Tune for Finnegan's Wake
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"Finnegan's Wake" is a ballad that arose in the 1850s in the music-hall tradition of comical Irish songs. The song is a staple of the Irish folk-music group, The Dubliners, who have played it on many occasions and included it on several albums, and is especially well-known to fans of The Clancy Brothers, who have performed and recorded it with Tommy Makem. The song has more recently been recorded by Irish-American Celtic punk band Dropkick Murphys.
In the ballad, the hod-carrier Tim Finnegan, born "with a love for the liquor", falls from a ladder, breaks his skull, and is thought to be dead. The mourners at his wake become rowdy, and spill whiskey over Finnegan's corpse, causing him to come back to life and join in the celebrations. Whiskey causes both Finnegan's fall and his resurrection—whiskey is derived from the Irish phrase uisce beatha (Template:IPA-ga), meaning "water of life".
Uncommon or non-standard English phrases and termsEdit
- brogue (accent)
- hod (a tool to carry bricks in)
- tipplers way (a tippler is a drunkard)
- craythur (a craythur is a bowl to serve alcohol in, "a drop of the craythur" is an expression to have some whiskey)
- Whack fol the dah (a kind of scat-like nonsense called "lilting", nonsense that sounds good in the song)
- trotters (feet)
- full (drunk)
- mavourneen (my darling)
- hould your gob (shut-up)
- belt in the gob (punch in the face)
- Shillelagh law (a brawl)
- ruction(a fight)
- Bedad (an expression of shock)
- Thanam 'on dhoul (your soul to the devil)
Use in literatureEdit
"Finnegan's Wake" is famous for providing the basis of James Joyce's final work, Finnegans Wake (1939), in which the comic resurrection of Tim Finnegan is employed as a symbol of the universal cycle of life. As whiskey, the "water of life", causes both Finnegan's death and resurrection in the ballad, so the word "wake" also represents both a passing (into death) and a rising (from sleep). Joyce removed the apostrophe in the title of his novel in order to suggest an active process in which a multiplicity of "Finnegans", that is, all members of humanity, fall and then wake and arise.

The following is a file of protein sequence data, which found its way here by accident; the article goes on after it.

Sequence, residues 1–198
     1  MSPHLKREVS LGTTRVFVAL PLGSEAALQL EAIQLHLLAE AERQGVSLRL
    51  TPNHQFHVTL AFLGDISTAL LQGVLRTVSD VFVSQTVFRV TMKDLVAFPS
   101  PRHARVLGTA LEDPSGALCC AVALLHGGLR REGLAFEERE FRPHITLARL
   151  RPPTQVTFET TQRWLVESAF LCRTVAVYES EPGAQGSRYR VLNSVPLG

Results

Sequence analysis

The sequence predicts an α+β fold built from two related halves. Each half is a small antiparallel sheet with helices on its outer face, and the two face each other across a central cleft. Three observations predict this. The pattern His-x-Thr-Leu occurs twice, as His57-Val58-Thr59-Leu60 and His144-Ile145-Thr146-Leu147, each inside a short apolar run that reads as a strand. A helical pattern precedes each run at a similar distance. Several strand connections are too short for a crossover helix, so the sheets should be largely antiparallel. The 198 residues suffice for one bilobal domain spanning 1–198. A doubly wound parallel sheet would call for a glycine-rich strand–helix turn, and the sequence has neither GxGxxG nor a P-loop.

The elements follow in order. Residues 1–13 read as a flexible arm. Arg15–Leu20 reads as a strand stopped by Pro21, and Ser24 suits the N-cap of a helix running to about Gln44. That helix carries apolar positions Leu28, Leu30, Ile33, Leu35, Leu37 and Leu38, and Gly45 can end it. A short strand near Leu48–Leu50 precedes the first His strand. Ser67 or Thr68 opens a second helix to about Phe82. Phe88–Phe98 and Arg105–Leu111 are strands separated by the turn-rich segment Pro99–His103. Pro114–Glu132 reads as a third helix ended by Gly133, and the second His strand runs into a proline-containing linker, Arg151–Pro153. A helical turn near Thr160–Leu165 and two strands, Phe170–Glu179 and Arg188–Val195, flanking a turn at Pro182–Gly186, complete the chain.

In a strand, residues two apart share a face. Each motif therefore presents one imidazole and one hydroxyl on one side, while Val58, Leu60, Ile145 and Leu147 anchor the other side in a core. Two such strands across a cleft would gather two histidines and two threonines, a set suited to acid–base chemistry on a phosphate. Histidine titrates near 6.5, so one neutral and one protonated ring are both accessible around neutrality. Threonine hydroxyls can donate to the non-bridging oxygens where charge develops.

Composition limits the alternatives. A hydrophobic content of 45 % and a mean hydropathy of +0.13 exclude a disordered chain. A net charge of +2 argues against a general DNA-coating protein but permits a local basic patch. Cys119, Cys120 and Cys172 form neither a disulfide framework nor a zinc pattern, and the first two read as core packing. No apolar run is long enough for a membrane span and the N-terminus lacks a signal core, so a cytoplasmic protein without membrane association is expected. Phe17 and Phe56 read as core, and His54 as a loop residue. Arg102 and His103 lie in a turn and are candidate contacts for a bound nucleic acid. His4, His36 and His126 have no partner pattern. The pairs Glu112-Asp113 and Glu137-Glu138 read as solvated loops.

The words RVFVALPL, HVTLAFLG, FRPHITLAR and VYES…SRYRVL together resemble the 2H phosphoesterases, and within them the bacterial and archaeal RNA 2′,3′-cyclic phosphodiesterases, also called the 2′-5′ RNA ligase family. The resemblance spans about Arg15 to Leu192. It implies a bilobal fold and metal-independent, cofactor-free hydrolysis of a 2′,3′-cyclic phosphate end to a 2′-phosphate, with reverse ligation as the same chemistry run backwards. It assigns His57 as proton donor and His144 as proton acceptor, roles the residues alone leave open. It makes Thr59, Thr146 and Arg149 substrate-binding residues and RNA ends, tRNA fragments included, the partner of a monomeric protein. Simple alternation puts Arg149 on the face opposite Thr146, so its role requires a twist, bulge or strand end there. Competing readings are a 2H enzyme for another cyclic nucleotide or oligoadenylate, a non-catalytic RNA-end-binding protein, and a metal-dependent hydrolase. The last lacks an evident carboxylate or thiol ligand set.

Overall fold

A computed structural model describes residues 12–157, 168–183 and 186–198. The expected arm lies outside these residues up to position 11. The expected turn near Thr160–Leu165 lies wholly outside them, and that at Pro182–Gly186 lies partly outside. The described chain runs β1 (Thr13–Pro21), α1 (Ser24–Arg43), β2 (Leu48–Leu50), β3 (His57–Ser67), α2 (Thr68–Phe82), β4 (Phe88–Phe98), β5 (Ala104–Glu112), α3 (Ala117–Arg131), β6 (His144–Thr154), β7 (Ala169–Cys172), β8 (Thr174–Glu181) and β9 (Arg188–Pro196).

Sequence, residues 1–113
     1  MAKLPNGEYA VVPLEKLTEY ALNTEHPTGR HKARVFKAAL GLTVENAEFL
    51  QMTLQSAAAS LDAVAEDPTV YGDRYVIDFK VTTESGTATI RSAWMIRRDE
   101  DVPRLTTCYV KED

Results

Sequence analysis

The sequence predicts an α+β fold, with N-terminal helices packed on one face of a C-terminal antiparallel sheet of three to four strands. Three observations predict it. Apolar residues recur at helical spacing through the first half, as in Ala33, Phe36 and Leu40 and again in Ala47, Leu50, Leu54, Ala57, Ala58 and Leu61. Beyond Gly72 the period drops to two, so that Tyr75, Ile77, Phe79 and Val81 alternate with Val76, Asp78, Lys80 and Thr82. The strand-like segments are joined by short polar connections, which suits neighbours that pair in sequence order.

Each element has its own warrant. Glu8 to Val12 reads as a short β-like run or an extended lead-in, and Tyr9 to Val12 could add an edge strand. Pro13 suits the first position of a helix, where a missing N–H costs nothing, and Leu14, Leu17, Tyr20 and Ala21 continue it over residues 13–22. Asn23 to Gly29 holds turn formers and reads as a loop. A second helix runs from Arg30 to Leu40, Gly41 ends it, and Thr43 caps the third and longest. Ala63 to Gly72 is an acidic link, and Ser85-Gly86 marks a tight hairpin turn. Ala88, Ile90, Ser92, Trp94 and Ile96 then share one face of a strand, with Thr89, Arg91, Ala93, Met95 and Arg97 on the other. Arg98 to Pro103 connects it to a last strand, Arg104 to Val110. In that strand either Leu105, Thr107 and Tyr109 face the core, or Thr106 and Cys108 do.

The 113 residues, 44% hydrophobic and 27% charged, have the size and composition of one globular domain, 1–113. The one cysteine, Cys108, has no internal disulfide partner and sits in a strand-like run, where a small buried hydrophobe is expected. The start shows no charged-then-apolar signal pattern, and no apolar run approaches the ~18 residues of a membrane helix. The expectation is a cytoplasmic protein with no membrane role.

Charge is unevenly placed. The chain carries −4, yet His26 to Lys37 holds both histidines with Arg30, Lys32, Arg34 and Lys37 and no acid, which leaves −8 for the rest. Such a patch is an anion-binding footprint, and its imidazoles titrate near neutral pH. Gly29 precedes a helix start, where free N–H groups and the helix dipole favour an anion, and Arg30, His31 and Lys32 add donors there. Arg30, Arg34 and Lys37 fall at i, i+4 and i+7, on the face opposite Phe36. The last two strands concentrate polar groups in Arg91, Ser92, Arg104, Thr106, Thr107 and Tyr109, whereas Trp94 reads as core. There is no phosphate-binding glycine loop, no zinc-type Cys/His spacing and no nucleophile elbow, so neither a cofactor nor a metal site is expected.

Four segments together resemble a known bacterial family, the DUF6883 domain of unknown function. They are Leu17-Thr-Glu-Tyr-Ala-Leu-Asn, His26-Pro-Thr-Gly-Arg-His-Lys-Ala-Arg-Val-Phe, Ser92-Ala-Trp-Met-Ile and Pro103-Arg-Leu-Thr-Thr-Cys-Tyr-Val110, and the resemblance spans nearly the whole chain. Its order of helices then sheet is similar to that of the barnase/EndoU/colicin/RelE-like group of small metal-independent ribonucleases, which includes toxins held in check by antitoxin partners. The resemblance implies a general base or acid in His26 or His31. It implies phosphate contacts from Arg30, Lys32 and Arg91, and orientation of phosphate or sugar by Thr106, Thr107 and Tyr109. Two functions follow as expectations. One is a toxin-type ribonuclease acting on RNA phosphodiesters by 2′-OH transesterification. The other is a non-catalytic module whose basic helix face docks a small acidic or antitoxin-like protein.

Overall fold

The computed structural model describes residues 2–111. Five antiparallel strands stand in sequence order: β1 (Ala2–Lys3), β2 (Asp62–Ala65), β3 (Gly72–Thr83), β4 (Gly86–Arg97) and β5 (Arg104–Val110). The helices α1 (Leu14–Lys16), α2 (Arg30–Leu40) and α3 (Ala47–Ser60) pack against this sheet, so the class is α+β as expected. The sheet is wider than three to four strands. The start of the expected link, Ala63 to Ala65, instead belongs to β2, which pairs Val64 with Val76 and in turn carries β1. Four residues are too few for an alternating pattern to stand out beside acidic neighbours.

"Finnegan's Wake" is also featured as the climax of the primary storyline in Philip José Farmer's award-winning novella, Riders of the Purple Wage.
A scene very similar to that of Finnegan's Wake is present in The Shipping News, when the character Jack Buggit is presumed to have drowned after being caught in the rope of a lobster pot, only for him to regain consciousness at his wake.
- Brigid's Cross on their album Coolin' Out.
- The Clancy Brothers on their album Come Fill Your Glass with Us.
- The Dubliners on several live albums.
- Dropkick Murphys on their albums Do or Die and Live on St. Patrick's Day From Boston, MA.
- Brobdingnagian Bards on their album Songs of Ireland.
- The Tossers on their album Communication & Conviction: Last Seven Years.
- Orthodox Celts on their album The Celts Strike Again.
- Darby O'Gill on their album Waitin' for a Ride.
- Ryan's Fancy on their album Newfoundland Drinking Songs.
- Beatnik Turtle on their album Sham Rock
- Celtic Connection on their album Celtic Connection
- Wylde Nept on their album Live in 3-D
- Irish Rovers
- Gael Sli on their album The Irish Century
- The Bloody Irish Boys on their album Drunk Rock
- Christy Moore on his album The Box Set 1964-2004
- Shilelagh Law on their album Good Intentions
- Donut Kings on their single Donut Kings Pub With No Beer
- Schooner Fare on their album Finnegan's Wake
- Woods Tea Company on their album The Wood's Tea Co. - Live!
- Cutthroat Shamrock on their album Blood Rust Whiskey
- The Pubcrawlers on their album Another Night on the Floor
- 3 Pints Gone on their live album "One More Round"
- Steve Benbow on his album Songs of Ireland
- Roger McGuinn in his Folk Den series.
- Leperkhanz on their album "Tiocfaidh Ar La"
- Aggressive Force on their album "Aggressive Force"
- Dominic Behan on his album Down By The Liffeyside
- Poxy Boggards on their albums "Barley Legal" and "Bitter and Stout"
- The last part of the song where Tim Finnegan says, "D'ainm an diabhal", means Your soul(s) to the Devil and comes from the Gaelic.
- However, in other versions of the song, Tim says "Thunderin' Jaysus" or "Thanum an Dhul".